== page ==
For over 500 years, Italy and the Italian language have formed an integral part of the Russian cultural realm. Composers Dmitry Bortniansky and Maxim Berezovsky studied the laws of harmony at the famous Bologna Conservatory. Pyotr Tchaikovsky composed his Queen of Spades in Florence, Italian melodies inspired Mikhail Glinka and Sergey Prokofiev. In Rome, Nikolai Gogol wrote Dead Souls. Fyodor Dostoevsky created the novel The Idiot in Florence. The beauty of Italian cities fascinated Leo Tolstoy, Ivan Turgenev, and Anton Chekhov. Tales of Italy by Maxim Gorky came into being on Capri. Anna Akhmatova, Nikolai Gumilev, Marina Tsvetaeva, Alexander Blok, Osip Mandelstam and Boris Pasternak all viewed travelling to Italy as both obligatory and desirable. Having left the Soviet Union, poet Joseph Brodsky, directors Andrei Tarkovsky and Yuri Lyubimov both worked in Italy. A Journey to Italy is bound to be a decisive spiritual experience - wrote art critic Pavel Muratov in the epilogue to his famous book Images of Italy .
Today, Italy is a major partner of Russia, ranking second in Europe and fifth in the world by bilateral trade volume. The cultural ties are also gaining momentum. The year 2011, when Russia and Italy reciprocally promoted their language and culture, proved quite a success: over 500 events were held, including exhibitions, concerts by the finest orchestras and art groups, theatrical exchanges, book fairs, and themed round tables.
Intensive cultural exchange, tourism, and dynamic business activity carried out by Italians in Russia have provoked unprecedented demand for the Italian language. Thousands of Russians attend courses at the Italian Cultural Institute in Moscow and St. Petersburg, as well as the courses held by Dante Alighieri Society.
The Farnesina helped many Russian universities get teachers of Italian into their faculties. More and more Russian students are choosing to study the language in Italy. Six dozen schools have adopted the joint Italian-Russian Program of Spreading Italian in Russia. Of these, about thirty are based in Moscow and St. Petersburg, the rest are in Yekaterinburg, Nizhniy Novgorod, Samara, Rostov-on-Don, Kazan, Krasnodar, Novosibirsk, Irkutsk, Vladivostok, and elsewhere. Russian schools have started to hold joint online training programs with their counterparts in Italy. The Russian Orthodox Church has also noted the importance of Italian as a tool in the dialogue with the Roman Catholic Church.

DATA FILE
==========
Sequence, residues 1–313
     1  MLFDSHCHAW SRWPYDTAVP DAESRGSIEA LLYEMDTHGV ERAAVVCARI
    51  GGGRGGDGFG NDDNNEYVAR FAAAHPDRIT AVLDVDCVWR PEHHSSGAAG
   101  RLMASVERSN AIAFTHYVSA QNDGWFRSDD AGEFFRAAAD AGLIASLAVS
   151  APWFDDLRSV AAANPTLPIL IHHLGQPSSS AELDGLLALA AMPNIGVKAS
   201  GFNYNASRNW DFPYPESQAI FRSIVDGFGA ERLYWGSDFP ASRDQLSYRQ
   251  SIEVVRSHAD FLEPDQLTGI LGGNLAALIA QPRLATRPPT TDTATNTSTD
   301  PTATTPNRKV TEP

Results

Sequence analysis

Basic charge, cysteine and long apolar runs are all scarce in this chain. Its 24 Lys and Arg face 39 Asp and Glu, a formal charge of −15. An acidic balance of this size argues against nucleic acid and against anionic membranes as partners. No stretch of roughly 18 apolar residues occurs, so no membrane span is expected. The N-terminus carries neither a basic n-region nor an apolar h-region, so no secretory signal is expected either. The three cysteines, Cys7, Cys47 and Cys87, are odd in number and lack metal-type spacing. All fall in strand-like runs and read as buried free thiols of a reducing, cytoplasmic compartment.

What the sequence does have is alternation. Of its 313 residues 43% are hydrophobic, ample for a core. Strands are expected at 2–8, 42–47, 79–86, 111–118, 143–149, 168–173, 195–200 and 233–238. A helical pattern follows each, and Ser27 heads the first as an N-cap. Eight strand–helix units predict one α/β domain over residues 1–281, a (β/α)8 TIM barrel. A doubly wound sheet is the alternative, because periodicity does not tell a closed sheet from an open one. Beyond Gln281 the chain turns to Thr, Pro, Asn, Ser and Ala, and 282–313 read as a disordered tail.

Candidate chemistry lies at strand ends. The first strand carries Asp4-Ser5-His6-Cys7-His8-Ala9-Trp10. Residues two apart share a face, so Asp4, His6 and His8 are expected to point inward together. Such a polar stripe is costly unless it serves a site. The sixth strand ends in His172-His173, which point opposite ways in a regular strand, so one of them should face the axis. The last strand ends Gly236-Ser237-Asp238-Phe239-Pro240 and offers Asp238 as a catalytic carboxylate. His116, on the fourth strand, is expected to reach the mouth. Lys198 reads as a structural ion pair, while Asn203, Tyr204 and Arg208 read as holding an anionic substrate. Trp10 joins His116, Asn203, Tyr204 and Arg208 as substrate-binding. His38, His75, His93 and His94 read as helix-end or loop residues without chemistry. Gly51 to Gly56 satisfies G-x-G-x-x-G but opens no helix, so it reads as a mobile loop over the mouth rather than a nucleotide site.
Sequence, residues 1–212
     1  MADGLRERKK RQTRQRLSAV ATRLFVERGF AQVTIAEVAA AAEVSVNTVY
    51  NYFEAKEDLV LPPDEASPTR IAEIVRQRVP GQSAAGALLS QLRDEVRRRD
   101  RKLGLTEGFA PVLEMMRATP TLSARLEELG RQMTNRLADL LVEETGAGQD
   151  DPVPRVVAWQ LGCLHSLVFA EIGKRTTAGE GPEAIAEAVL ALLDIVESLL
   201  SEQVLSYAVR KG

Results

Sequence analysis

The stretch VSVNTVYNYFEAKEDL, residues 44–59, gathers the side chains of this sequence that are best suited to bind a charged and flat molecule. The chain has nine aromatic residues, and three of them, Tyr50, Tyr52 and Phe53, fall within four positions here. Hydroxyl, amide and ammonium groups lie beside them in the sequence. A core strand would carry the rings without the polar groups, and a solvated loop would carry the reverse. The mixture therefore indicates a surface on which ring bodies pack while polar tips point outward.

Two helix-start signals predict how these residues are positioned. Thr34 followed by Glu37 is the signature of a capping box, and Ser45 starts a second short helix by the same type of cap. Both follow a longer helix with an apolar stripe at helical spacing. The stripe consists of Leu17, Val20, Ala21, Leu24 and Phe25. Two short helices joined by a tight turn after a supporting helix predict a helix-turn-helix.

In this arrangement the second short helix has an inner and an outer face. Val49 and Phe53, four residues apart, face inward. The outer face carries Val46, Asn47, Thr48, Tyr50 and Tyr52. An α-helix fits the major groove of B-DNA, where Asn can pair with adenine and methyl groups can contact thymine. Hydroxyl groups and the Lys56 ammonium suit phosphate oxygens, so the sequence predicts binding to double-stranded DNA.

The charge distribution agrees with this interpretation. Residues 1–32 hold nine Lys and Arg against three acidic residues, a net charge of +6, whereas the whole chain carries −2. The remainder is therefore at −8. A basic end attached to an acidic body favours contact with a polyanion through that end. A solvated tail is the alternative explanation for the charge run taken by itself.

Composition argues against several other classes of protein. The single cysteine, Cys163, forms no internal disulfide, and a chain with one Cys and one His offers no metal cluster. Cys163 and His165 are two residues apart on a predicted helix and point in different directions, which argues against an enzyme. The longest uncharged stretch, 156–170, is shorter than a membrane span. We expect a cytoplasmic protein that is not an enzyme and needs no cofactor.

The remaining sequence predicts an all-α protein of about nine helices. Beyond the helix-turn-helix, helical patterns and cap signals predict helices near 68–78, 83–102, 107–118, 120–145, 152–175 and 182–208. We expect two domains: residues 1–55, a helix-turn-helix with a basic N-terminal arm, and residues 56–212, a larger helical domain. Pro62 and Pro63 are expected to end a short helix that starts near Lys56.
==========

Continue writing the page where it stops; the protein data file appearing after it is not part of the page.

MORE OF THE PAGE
Great by Native Eloquence... (Giovanni Boccaccio)
One has to fight to assert the right of the Italian language to be the language of international relations. In 2008, Italy, one of the six founding countries of the European Union, protested against the publication of job offers in the EU in just the three working languages – English, French and German. Italian media were quick to recall that European multilingualism was protected by statutory provisions, and that this discriminatory approach gave native speakers of those three languages an unfair competitive advantage. They sarcastically inquired, how ordinary people, hardly fluent in foreign languages, would be able to understand the terms. This protest was heard, and the announcements were published in Italian. Since 2011, competitive exams have been held in all 23 official EU languages. However, since the economic crisis forced Mario Monti’s government to cut Italy’s contributions to the EU, the translation of documents into Italian may cease in almost half the working groups. Italians are so hurt by the preference given to French and German that, accepting the arguments about the high cost of translation services, they offered to confine translation just to English. Nevertheless, the Italian Parliament continues to adopt resolutions calling for an urgent strategy to protect and promote the Italian language in the EU and other international organizations to be developed. The Italian language is so deep-rooted in the world of business and cross-cultural communication, that the strategy stands a good chance of success.
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It is increasingly clear that globalization does not only blur national distinctions and act as a unifying force. Soft power suggests the comprehensive development of public diplomacy, vigorous promotion of the language and culture of the nation. Italy provides a highly instructive example of this diplomacy. Famous Italian writer and playwright Luigi Pirandello once noted that to learn Italian one has to spend a year in a monastery, a year with a beautiful woman and a year in the best wine cellar in Tuscany. Fortunately, or perhaps unfortunately, in these times of global communication, there is no need to follow this advice. Italians actively shape an international Italian-speaking community, and create, as they put it, a transcontinental country system to promote the attractiveness of Italy and the made in Italy brand. And no efforts are spared in their work to attain this goal.
1. P.P. Muratov Images of Italy. Moscow, Art-Rodnik Publishers, 2008